For many investors, the "goose egg" decade of the '00s was just that--a great big goose egg, billed as the worst decade ever for U.S. stocks. So when Morningstar named its fund managers of the decade, one wonders if that's a grand accolade or just an exercise in relativism.
But there's more to investing than just U.S. stocks, and the Chicago-based investment research company's list of top managers in the fixed income, domestic equity and foreign equity classes deserve recognition for rising above the muck of mediocrity that defined much of the investing landscape of the century's first decade.
Bill Gross of the PIMCO Total Return fund was named top fixed income manager. The fund's ten-year annualized return was 7.7% versus the category average of 5.5%.
According to Morningstar, no other fund manager made more money for people during the decade than Gross. Specifically, the fund's aggregate return made on dollars invested in the fund was $47 billion. Not a bad trick, considering it was already a large fund with $32 billion in assets in 2000, and became a massive fund with more than $200 million by decade's end.
Morningstar said that Gross managed to make the right calls at the right time in areas such mortgage-backed bonds, yield-curve bets, and plays on emerging markets and corporate bonds.
Top honors in the domestic equity category went to Bruce Berkowitz, manager of the Fairholme fund. This large value-oriented fund focuses on companies with ample cash flows and has profited from contrarian bets. For example, in 2007 the fund was nearly 35% in energy, but it cashed out in early 2008 when the masses were still piling into the sector before it crashed.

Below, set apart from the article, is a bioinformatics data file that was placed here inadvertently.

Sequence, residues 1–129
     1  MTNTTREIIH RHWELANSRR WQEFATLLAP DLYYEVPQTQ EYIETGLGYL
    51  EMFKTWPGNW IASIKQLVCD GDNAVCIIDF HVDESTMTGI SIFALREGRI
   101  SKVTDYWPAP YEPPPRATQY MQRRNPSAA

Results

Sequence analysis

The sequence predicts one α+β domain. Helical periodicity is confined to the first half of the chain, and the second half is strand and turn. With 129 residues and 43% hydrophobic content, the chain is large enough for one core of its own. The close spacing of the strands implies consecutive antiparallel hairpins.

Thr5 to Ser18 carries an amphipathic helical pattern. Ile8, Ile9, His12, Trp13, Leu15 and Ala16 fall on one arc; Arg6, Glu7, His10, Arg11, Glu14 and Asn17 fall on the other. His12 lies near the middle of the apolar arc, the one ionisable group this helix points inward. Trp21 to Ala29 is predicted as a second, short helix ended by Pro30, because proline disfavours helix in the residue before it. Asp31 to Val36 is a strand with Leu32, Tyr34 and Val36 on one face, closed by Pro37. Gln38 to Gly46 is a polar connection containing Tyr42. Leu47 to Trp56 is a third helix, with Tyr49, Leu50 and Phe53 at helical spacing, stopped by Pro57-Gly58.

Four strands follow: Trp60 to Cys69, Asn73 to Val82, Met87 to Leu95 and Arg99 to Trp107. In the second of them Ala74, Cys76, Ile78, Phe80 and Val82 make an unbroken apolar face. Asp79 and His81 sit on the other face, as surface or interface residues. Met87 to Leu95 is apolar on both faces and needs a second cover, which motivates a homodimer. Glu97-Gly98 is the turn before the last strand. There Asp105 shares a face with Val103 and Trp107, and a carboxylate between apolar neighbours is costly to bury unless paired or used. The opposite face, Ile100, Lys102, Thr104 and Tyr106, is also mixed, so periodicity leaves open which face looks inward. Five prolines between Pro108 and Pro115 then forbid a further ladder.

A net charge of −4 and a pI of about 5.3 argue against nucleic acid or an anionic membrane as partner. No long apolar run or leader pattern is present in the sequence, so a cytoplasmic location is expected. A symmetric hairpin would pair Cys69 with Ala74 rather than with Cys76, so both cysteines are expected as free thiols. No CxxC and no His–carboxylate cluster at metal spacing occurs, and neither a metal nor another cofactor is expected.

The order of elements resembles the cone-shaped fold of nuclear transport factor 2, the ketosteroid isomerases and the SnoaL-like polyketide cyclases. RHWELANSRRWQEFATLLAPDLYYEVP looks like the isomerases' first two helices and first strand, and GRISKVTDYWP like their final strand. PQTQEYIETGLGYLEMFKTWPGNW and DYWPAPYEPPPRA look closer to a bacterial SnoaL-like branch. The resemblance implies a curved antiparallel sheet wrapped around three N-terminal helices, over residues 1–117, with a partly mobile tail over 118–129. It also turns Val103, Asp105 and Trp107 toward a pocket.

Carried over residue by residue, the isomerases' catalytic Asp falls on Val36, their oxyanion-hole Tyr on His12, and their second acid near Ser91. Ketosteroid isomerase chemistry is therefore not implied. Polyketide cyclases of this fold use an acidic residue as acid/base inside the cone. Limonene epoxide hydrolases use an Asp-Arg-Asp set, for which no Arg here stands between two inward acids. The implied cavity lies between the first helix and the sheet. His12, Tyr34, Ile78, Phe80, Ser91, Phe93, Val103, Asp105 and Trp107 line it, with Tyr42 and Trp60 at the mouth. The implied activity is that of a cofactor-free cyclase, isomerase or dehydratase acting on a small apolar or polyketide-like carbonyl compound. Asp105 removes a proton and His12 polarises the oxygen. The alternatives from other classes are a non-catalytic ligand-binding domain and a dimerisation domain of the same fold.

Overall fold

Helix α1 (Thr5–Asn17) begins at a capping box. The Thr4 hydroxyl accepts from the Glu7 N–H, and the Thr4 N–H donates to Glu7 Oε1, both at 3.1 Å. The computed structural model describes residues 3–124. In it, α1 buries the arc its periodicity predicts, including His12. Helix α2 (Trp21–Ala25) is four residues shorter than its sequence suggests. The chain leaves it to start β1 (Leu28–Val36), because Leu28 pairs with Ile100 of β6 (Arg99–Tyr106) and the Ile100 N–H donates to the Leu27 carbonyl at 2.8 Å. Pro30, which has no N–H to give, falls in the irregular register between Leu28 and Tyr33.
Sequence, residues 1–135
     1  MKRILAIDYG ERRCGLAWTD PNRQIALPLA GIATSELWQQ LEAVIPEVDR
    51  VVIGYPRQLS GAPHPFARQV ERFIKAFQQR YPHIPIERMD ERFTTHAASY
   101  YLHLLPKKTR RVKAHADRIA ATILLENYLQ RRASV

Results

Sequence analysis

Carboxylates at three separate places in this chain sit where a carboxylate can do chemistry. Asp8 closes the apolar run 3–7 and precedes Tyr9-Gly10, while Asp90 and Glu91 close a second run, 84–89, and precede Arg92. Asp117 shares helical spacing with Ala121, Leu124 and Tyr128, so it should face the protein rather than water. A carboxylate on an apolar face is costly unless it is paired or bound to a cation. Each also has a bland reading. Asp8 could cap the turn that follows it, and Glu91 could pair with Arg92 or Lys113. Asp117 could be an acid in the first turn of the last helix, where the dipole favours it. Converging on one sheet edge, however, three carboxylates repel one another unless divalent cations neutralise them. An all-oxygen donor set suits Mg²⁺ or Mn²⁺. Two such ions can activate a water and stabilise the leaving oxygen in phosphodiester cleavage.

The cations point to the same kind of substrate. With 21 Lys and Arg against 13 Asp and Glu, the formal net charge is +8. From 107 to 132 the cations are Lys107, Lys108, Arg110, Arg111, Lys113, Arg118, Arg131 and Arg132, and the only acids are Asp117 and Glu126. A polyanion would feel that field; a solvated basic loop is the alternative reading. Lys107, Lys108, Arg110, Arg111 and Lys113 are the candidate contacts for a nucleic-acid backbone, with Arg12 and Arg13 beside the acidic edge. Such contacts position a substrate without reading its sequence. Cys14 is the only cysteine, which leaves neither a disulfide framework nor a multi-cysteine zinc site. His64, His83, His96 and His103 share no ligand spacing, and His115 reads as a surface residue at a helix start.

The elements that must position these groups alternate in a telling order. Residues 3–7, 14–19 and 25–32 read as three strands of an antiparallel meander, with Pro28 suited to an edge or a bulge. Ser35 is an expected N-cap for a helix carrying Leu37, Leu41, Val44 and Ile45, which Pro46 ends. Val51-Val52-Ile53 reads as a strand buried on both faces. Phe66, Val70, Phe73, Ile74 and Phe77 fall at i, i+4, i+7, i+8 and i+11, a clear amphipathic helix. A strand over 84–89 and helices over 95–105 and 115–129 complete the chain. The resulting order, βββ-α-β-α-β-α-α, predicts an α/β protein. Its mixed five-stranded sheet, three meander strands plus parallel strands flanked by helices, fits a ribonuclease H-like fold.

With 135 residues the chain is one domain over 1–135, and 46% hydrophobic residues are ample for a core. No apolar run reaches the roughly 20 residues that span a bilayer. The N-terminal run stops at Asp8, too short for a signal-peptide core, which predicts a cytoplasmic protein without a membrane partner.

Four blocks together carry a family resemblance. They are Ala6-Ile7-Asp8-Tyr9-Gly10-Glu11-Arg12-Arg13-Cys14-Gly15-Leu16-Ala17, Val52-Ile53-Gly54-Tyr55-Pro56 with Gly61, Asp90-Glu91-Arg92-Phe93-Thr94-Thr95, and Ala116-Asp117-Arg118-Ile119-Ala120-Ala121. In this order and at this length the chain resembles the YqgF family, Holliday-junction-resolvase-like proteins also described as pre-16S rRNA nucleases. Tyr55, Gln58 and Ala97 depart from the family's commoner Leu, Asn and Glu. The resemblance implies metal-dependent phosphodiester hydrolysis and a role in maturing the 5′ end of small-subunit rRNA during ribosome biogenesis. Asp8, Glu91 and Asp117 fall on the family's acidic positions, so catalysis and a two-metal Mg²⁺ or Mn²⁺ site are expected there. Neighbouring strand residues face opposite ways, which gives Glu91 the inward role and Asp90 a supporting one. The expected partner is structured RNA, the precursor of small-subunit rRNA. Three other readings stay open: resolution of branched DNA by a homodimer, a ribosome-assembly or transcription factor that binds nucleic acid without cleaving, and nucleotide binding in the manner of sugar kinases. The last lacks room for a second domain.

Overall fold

The Fairholme fund's 10-year annualized return of 13.2% smoked the category average of 0.01%.
David Herro was lauded as the top fund manager in the foreign equity category for his work with two funds--Oakmark International and Oakmark International Small Cap. Morningstar describes Herro as eclectic and contrarian, and says his funds are "relatively compact and normally look quite unlike their relevant benchmarks and peers."
The Oakmark International fund, for instance, plowed a chunk of money into luxury goods companies in 2008 when most others were fleeing the consumer discretionary sector.
However, Herro and his co-managers' value strategy sometimes backfires, such as in 2007 when both funds finished in the cellars of their respective categories.
But over the course of the decade, the Oakmark International fund's annualized return of 8.2% trumped the category average of 3.2%, while the Oakmark International Small Cap fund's return of 10.1% beat the category average of 6.1%.